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  5. 3rd ODI: Centurion David Miller's successful review fuels DRS rules debate, breaks Australian hearts

3rd ODI: Centurion David Miller's successful review fuels DRS rules debate, breaks Australian hearts

If all the above rules were followed by the book, then it seems certain that Miller would have had to walk back to the pavilion.

India TV Sports Desk Written by: India TV Sports Desk New Delhi Published on: November 11, 2018 13:21 IST
Australia vs South Africa 3rd ODI
Image Source : GETTY IMAGES

Miller scored 139 off 108 balls while leading his team to a huge total of 320 for 5 in the series finale.

What is the exact protocol to be followed for a DRS review? How much time do players have to ask for it? Who can ask for it? These and many more questions started doing the rounds during the ongoing 3rd ODI between hosts Australia and South Africa being played in Hobart. It all happened during the visitors' innings when left-hander David Miller was given out lbw off the bowling of Glenn Maxwell.

While the Australian players started celebrating the much-needed breakthrough, Miller got involved in a lengthy discussion with the non-striker and his captain Faf du Plessis about whether he should go for the review. Since the fall of Miller would have exposed an inexperienced Protea lower order very early, after a long debate, Du Plessis made the 'T-sign' gesture towards umpire Aleem Dar signalling his intent for a review. However, the umpire hesitated before signalling the DRS till the left-hander himself made a meek gesture of calling for the review.

Hawk-eye showed that the ball was projected to go over the stumps and the TV umpire subsequently asked the on-field official to overturn his decision thus giving Miller a fresh lease of life.

The ICC rules on DRS clearly state: "Only the batsman involved in a dismissal may request a Player Review of an Out decision and only the captain (or acting captain) of the fielding team may request a Player Review of a Not-out decision." Since his captain and not Miller himself had asked the umpire for the review, questions were raised about whether the aforesaid rule was followed to the book.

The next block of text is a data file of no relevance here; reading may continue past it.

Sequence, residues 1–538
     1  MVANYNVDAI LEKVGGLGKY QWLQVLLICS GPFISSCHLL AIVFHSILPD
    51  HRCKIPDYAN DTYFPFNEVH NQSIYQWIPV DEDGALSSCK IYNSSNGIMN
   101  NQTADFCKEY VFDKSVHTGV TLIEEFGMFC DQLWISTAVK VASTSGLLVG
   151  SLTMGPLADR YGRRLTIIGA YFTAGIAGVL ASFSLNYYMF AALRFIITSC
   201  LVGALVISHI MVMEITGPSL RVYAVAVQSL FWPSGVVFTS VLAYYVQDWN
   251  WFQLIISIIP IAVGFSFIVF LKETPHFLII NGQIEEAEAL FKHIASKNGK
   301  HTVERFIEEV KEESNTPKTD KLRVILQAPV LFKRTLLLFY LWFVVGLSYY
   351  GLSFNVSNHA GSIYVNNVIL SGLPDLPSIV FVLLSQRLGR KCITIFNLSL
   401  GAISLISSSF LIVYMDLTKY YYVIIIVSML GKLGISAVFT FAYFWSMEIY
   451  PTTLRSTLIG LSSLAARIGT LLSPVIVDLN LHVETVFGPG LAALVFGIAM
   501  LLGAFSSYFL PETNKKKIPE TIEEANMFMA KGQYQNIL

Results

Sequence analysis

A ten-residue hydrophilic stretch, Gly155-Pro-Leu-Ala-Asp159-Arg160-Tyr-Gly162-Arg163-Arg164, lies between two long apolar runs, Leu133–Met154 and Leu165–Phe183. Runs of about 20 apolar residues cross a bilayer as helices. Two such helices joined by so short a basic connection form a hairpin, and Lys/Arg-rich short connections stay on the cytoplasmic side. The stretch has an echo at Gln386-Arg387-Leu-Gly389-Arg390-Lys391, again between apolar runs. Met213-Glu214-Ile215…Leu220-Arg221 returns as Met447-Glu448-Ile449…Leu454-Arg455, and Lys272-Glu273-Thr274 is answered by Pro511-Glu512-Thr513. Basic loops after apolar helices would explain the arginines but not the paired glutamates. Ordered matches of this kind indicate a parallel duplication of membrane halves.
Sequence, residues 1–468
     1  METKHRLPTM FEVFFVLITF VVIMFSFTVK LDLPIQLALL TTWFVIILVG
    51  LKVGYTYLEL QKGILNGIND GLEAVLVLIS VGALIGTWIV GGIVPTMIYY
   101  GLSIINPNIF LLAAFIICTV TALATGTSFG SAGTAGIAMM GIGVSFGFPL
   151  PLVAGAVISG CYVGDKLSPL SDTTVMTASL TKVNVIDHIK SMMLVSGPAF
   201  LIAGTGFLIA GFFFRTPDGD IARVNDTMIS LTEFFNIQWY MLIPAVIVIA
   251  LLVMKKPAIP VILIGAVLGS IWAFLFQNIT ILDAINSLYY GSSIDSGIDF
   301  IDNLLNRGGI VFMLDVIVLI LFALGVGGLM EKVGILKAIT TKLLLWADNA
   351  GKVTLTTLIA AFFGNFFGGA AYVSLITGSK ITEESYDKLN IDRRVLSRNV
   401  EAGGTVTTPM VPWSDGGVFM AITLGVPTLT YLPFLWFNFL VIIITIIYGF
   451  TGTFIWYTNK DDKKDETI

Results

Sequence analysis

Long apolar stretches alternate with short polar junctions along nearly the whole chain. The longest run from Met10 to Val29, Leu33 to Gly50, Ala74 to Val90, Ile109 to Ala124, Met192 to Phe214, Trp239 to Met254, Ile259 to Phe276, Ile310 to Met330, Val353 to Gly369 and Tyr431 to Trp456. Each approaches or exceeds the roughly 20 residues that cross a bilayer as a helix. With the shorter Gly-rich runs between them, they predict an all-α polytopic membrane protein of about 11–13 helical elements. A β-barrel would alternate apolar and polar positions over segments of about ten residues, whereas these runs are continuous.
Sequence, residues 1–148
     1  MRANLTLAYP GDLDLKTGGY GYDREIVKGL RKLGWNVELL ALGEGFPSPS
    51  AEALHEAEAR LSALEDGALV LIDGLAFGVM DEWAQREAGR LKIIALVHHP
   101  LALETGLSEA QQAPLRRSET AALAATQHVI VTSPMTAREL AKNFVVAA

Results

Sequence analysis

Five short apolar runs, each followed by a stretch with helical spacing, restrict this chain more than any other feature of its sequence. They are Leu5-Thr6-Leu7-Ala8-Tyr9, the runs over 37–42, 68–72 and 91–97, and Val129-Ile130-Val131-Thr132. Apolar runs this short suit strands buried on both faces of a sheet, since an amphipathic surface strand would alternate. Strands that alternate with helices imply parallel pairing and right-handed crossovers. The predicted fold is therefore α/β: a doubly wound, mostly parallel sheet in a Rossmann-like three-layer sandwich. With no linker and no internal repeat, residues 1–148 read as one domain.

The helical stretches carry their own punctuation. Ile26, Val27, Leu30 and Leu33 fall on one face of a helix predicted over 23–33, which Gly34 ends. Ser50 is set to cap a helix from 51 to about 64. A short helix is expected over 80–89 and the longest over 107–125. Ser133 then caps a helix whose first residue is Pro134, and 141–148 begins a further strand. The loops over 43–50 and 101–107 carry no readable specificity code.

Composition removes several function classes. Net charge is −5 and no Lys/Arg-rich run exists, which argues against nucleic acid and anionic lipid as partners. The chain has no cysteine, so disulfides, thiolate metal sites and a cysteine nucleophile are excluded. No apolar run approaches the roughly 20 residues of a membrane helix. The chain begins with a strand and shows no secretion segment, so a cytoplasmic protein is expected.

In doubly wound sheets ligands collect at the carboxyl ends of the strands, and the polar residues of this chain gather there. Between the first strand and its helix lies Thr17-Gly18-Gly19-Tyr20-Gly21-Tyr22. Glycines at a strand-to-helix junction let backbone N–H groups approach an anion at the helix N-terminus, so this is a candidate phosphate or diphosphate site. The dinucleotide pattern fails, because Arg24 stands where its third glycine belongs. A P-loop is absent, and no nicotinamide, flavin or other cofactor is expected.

The rules also clearly define the manner in which any DRS call must be raised as thus: "review request shall be made by the player making a 'T' sign with both forearms at head height." Even though this rule is not always strictly enforced, it was clear from Miller's gesture that it didn't meet the specifications mentioned.

Not just this but there was also confusion about whether the call for review was made within the ICC stipulated window of 15 seconds. According to a report in ESPNcricinfo, the host broadcaster Fox Sports had counted the time elapsed between the 'out' decision and the DRS call to be 18 seconds on its stopwatch. Again, it should be mentioned that the time-rule is also not always strictly followed around the world.

If all the above rules were followed by the book, then it seems certain that Miller would have had to walk back to the pavilion leaving his team in dire straits. Instead, he ended up with 139 off 108 balls while leading his team to a huge total of 320 for 5 in the series finale forcing many to ask the question - what if Miller was not allowed to review?

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